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Monday, Jul 28, 2014
Crime & Courts

Pasco man among scores arrested in NYC police fraud


Published:   |   Updated: January 8, 2014 at 08:43 AM

A retired New York City police office now living in Trinity was among more than 100 people arrested in a sweeping disability benefits fraud case out of Manhattan involving scores of retired officers, firefighters and jail guards.

Louis Hurtado, 60, was considered a fugitive from justice before his arrest Monday morning on a charge of grand larceny, the Pasco County Sheriff’s Office said.

The warrant was served at his home, 1434 Flores Court, after authorities were contacted by special agents from the Social Security Administration and the U.S. Marshals Service. Hurtado was taken to the Land O’ Lakes Jail without bail with plans to extradite him to New York.

Hurtado taught martial arts in Odessa, according to his studio’s website, which touts the black belts he’s trained.

All those arrested in the case were wrongly receiving thousands of dollars in federal disability benefits, prosecutors said Tuesday. The retirees faked psychiatric problems, authorities said, and many falsely claimed their conditions arose after the Sept. 11 attacks.

“The brazenness is shocking,” Manhattan District Attorney Cyrus R. Vance Jr. said.

Four ringleaders coached the former workers on how to feign depression and other mental health problems that allowed them to get payouts as high as $500,000 over decades, Vance said. The ringleaders made tens of thousands of dollars in secret kickbacks, he said.

The four — retired officer Joseph Esposito, 64; detectives’ union disability consultant John Minerva, 61; lawyer and former FBI agent and suburban prosecutor Raymond Lavallee, 83; and benefits consultant Thomas Hale, 89 — sat stolidly as they pleaded not guilty to high-level grand larceny charges. All were released on bail, ranging from $250,000 to $1 million.

Defense lawyers said the four staunchly denied the accusations, and some noted their clients had legitimate jobs helping people seek benefits. Minerva wasn’t “steering people or telling people what to say when they applied for those benefits,” said his attorney, Glenn Hardy.

Esposito’s lawyer, Brian Griffin, pointed out that, according to prosecutors, many of the benefit-seekers had been found eligible for city disability pensions before they got federal benefits.

But prosecutors noted eligibility for Social Security disability benefits is a higher bar — complete inability to work — than qualifying for a city worker disability pension. And they said the applicants strategically lied, with the ringleaders’ guidance, to make themselves appear to meet it.

The applicants were taught how to fail memory tests and how to act like people suffering from depression or post-traumatic stress disorder, and their applications were filled with strikingly similar descriptions — “my (husband or wife) is always after me about my grooming,” “I nap on and off during the day” — in what appeared to be the same handwriting, prosecutors said.

Esposito, advising one applicant preparing to meet with Social Security Administration officials, told her to make mistakes in simple spelling and math exercises, prosecutors said in court papers.

“You don’t have any desire for anything,” the papers quote Esposito as telling her, and “can you pretend you have panic attacks?”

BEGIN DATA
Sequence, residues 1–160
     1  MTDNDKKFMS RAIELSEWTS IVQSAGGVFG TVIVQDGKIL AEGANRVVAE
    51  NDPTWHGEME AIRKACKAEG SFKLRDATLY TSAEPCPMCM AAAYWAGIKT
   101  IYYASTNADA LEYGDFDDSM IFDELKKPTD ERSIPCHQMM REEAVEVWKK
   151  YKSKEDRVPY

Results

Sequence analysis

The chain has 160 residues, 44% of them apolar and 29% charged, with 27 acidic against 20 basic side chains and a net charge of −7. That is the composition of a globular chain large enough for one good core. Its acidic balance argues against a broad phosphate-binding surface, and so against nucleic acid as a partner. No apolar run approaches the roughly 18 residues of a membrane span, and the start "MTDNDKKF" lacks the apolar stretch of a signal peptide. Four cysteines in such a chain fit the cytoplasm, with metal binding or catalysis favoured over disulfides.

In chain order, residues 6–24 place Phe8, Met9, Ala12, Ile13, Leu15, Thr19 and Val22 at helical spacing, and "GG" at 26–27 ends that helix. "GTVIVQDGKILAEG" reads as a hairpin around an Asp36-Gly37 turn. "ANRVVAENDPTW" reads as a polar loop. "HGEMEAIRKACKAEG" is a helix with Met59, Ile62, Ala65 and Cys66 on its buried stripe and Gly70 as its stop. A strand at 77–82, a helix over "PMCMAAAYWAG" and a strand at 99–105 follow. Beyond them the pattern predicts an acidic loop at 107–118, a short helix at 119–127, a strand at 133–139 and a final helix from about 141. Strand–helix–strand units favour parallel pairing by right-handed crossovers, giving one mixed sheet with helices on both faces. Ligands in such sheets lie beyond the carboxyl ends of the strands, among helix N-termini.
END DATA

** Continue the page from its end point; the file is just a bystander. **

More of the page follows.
If applicants claimed to be traumatized by Sept. 11, “they were instructed to say that they were afraid of planes or they were afraid of tall buildings,” Assistant District Attorney Christopher Santora told a judge.

Police Commissioner William Bratton said the arrests represented an effort to ensure “the memories of those who did, in fact, contribute their lives or their physical well-being to dealing with 9/11 are not sullied.”

Over 26 years, the workers arrested collected about $22 million in bogus benefits, authorities said, and more arrests could follow. Prosecutors estimate hundreds more people and as much as $400 million may be involved.

The defendants said they couldn’t drive, shop or handle their finances, yet one piloted a helicopter and another played blackjack in Las Vegas, prosecutors said. One traveled to Indonesia and boasted on YouTube about his investment prowess, they said.

The president of the Patrolmen’s Benevolent Association, Patrick Lynch, said the union didn’t condone the filing of false claims but people shouldn’t forget “there are serious psychological illnesses resulting from the devastating work performed by first responders following the attack on the World Trade Center” and from police work in general.

Minerva has been suspended without pay from the Detectives’ Endowment Association, President Michael Palladino said.

The case started about five years ago when Social Security Administration investigators noticed a flurry of similar applications and realized a number of the applicants had gun permits despite claiming severe psychiatric problems on their benefits forms.

Claims of government workers feigning injury to get disability benefits have been the focus of sprawling criminal cases before.

Over the last two years, 32 people were arrested in a probe into Long Island Rail Road employees who collected federal railroad disability benefits; at least two dozen have pleaded guilty. Some of the workers claimed on-the-job injuries, only to be spotted later playing golf and tennis, working out and even riding in a 400-mile bike race.

Information from The Associated Press was used in this report.

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